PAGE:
Some might argue that the youth might not be able to mount such a campaign to resurrect the basic tenets of the revolution and mobilize the public at a time when the average Egyptian is simply exhausted and suffering from a crushing economic crisis, security vacuum, and rampant unemployment (now approaching 25 percent). No one can question this dismal reality and deny these daily hardships, but the revolutionary youth's call to the disgruntled public to awaken to their bitter reality might still resonate as long as: a) they remain truthful to their national inspiration and b) accept the fact that any revolution will encounter a messy transitional period and will only worsen if nothing is done to stop it.
Unity of purpose, a unified political structure and mobilization of the masses represent the immediate tasks. In the longer term, however, the revolutionary youth's greater challenge is to turn from an elite movement into a grassroots one. This is the lesson that they should learn from their mistake in the 2011 parliamentary elections which were won by the Islamist parties. Although the MB and the Salafists were better financed and better organized, they more importantly spoke the language of the average Egyptian and understood the importance of working on the priorities of the local communities. Reaching out to Egypt's poor, which constitute almost 40 percent of the population, is the revolutionary youth's major challenge. Most of these young men and women are well-qualified to meet this challenge. Many are already involved in volunteer work that can be redirected to focus on addressing illiteracy, providing healthcare services and job training, and offering micro-finance -- all within a sustainable development and de-centralization model that would certainly secure the revolutionaries a decisive voting bloc in all future elections.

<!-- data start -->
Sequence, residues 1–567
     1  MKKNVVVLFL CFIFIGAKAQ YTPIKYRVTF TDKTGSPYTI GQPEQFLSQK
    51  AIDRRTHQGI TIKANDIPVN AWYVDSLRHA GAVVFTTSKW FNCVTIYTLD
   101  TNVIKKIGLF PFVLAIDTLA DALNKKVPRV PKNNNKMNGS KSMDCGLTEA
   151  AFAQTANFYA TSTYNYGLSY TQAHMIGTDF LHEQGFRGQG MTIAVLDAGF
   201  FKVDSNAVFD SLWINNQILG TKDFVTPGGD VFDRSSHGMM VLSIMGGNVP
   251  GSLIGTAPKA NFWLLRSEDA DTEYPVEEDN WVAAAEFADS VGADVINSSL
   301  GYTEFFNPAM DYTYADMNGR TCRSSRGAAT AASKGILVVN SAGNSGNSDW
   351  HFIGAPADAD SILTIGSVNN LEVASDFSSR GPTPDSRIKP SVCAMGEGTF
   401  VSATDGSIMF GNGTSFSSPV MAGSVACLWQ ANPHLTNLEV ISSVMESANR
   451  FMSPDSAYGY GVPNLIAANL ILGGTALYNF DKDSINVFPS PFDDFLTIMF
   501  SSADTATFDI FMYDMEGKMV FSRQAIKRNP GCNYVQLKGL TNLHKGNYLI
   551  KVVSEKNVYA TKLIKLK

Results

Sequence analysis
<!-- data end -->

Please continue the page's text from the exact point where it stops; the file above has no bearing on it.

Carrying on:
The only loser from the clash between the MB and SCAF is the Egyptian youth and what their revolution stood for. The revolutionary liberal leaders and youth share the responsibility of saving what is left of their revolutionary zeal by closing ranks, running united, and embarking on a massive campaign to protect the democratic, civil nature of the new Egypt by engaging the vast majority of the Egyptian people.
You, the youth of the great nation of Egypt, remember that you do not stand only for your country but for the whole Arab world. What you will do and the zeal with which you carry on the revolutionary process will have a direct impact on every Arab state and the aspiration of more than two hundred million Arab youth who yearn to be free and live with dignity.
Unless you assume this fateful mission and do so now, Egypt will undergo an unending period of chaos and instability, only to be followed by a military dictatorship or theocratic tyranny, and the Arab Spring will have become the cruelest winter of all.